In these circumstances, common sense and airplane knowledge/advice given to me by that FAA inspector years ago, paid off. I took full advantage of all available resources, including the limited data available on that Garmin 100 and information given to me by ATC, to make the approach, which was common to both of these IFR emergencies.
I would like to summarize this as the learning part of the article.
In both of these emergencies, the quick response from ATC was the key to their success. So, a pilot needs the following things to do an approach without having a chart readily available to him:
1. A heading to fly that will intercept the approach course (Vectors).
2. The frequency of the approach guidance if not a GPS approach.
3. The inbound course of the approach.
4. The altitude necessary to intercept and follow vertical guidance.
5. Altimeter setting.
6. The lowest point possible one can go on the approach, or the missed approach point (MAP).
Also, should it appear that the approach could go missed, it would be necessary to have missed approach instructions available.
Think the next time you are doing an approach… Could I fly the approach without an approach chart given the information above? Most of you could say, yes! Give it a try sometime with your instructor while doing an Instrument Proficiency Check (IPC).
Back in the days of these emergencies, approach charts were laid out differently. Some years ago, Jeppesen began including a briefing strip on the top of their charts and the government charts followed (FIG1 & FIG2). This allowed the pilot to get much of the information necessary to do the approach with a quick glance.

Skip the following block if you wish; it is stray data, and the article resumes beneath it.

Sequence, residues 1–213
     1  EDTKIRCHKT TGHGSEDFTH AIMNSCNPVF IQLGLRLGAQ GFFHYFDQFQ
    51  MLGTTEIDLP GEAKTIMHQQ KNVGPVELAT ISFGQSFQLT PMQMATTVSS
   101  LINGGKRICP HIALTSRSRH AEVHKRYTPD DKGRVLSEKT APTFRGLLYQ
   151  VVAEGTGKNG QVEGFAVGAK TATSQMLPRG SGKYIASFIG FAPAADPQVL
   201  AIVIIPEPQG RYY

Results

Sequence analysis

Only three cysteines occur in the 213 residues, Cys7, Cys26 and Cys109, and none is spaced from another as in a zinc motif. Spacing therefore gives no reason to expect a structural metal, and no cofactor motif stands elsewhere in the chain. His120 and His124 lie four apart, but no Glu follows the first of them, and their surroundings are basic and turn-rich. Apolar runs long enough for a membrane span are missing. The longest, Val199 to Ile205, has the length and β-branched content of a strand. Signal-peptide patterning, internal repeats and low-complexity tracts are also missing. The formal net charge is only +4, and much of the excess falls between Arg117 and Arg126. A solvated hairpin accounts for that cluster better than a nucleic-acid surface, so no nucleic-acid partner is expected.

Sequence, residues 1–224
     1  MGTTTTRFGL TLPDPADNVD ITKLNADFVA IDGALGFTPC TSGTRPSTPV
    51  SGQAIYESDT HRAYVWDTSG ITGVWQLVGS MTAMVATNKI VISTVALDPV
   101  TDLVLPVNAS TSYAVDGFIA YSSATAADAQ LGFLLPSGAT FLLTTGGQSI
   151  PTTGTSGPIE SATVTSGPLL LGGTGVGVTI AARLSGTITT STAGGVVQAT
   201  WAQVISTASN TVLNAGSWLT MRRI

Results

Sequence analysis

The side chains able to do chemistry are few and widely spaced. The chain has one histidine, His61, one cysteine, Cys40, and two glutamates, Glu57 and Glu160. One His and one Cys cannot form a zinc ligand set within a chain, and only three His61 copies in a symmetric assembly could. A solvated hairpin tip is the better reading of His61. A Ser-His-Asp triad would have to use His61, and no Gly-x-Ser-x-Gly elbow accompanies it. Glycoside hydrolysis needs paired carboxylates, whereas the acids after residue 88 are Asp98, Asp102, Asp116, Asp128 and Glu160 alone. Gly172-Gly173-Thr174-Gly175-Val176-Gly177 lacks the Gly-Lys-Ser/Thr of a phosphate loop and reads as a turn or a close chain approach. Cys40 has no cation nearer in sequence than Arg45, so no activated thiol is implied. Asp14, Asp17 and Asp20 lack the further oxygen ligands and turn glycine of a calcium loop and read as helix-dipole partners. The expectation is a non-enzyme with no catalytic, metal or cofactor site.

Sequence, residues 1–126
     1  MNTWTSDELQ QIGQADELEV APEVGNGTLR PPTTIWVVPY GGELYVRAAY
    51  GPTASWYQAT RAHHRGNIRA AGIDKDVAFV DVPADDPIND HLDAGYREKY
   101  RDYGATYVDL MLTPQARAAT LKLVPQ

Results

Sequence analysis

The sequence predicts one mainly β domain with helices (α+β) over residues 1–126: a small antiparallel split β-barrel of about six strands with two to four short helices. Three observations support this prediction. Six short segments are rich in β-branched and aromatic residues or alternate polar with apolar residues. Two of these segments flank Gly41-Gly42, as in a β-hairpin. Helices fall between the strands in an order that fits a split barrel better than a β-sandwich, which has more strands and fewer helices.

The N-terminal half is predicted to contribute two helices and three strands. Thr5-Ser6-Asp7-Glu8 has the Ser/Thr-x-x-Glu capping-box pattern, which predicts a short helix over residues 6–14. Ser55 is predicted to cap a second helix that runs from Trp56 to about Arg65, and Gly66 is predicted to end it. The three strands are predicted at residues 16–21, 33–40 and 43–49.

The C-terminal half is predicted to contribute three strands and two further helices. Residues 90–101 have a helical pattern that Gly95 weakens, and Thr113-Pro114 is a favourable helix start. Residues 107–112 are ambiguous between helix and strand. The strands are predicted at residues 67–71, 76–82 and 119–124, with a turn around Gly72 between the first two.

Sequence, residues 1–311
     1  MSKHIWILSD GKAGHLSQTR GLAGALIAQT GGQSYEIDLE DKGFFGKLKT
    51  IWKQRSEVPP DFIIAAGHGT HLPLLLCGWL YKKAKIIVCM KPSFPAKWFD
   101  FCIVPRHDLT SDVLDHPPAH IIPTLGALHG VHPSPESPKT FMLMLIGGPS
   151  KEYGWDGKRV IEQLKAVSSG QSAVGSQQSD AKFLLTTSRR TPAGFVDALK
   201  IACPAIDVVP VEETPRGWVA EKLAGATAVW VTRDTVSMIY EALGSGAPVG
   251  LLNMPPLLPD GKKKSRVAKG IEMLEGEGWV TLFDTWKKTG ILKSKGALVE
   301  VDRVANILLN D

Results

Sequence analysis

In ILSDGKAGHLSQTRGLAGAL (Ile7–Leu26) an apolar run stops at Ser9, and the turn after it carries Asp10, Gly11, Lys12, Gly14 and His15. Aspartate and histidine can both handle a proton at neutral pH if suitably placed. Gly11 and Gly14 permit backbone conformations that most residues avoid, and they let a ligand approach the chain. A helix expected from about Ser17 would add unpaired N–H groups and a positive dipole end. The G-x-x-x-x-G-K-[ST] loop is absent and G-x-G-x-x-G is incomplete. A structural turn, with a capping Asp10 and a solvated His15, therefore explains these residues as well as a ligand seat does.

Many of you may look at these emergencies and say it could not happen to me, as we now have so many backups to help us overcome the above-mentioned emergencies, but we have created other weaknesses in doing so.
When I landed in Columbus, Georgia and the aircraft was towed to the maintenance shop, we checked the voltage of the battery with a voltmeter and it had 8.8 volts. That old King KX175 still operated with that low of voltage, but I can say that any of the new avionics would probably drop off line at anything under 11 volts.
When I got my instrument rating, I had to demonstrate partial-panel approaches with the needle ball and airspeed and some course guidance. I did that once with a vacuum failure in IMC. I marvel at Garmin’s new G5 instruments, which are available at a fantastic low price. I am anxious to purchase mine, although with every new item, comes another possible failure.
I have had many bad experiences with icing, which I have written about previously. This time, I wish to address flying in ice with the proper protection.
In the past, most GA aircraft that were owner-flown either had no ice protection or the minimum being pitot heat. If you went a step above that, it was propeller alcohol or heat, along with the same for the windshield. The next step up got you boots on the wings and tail surfaces. However, when I fly with boots, I always have the apprehension of inflating the boots at the wrong time. If you don’t wait long enough, the ice may not be thick and hard enough to crack and comes off creating an air pocket. If you wait too long, you wonder if they will inflate.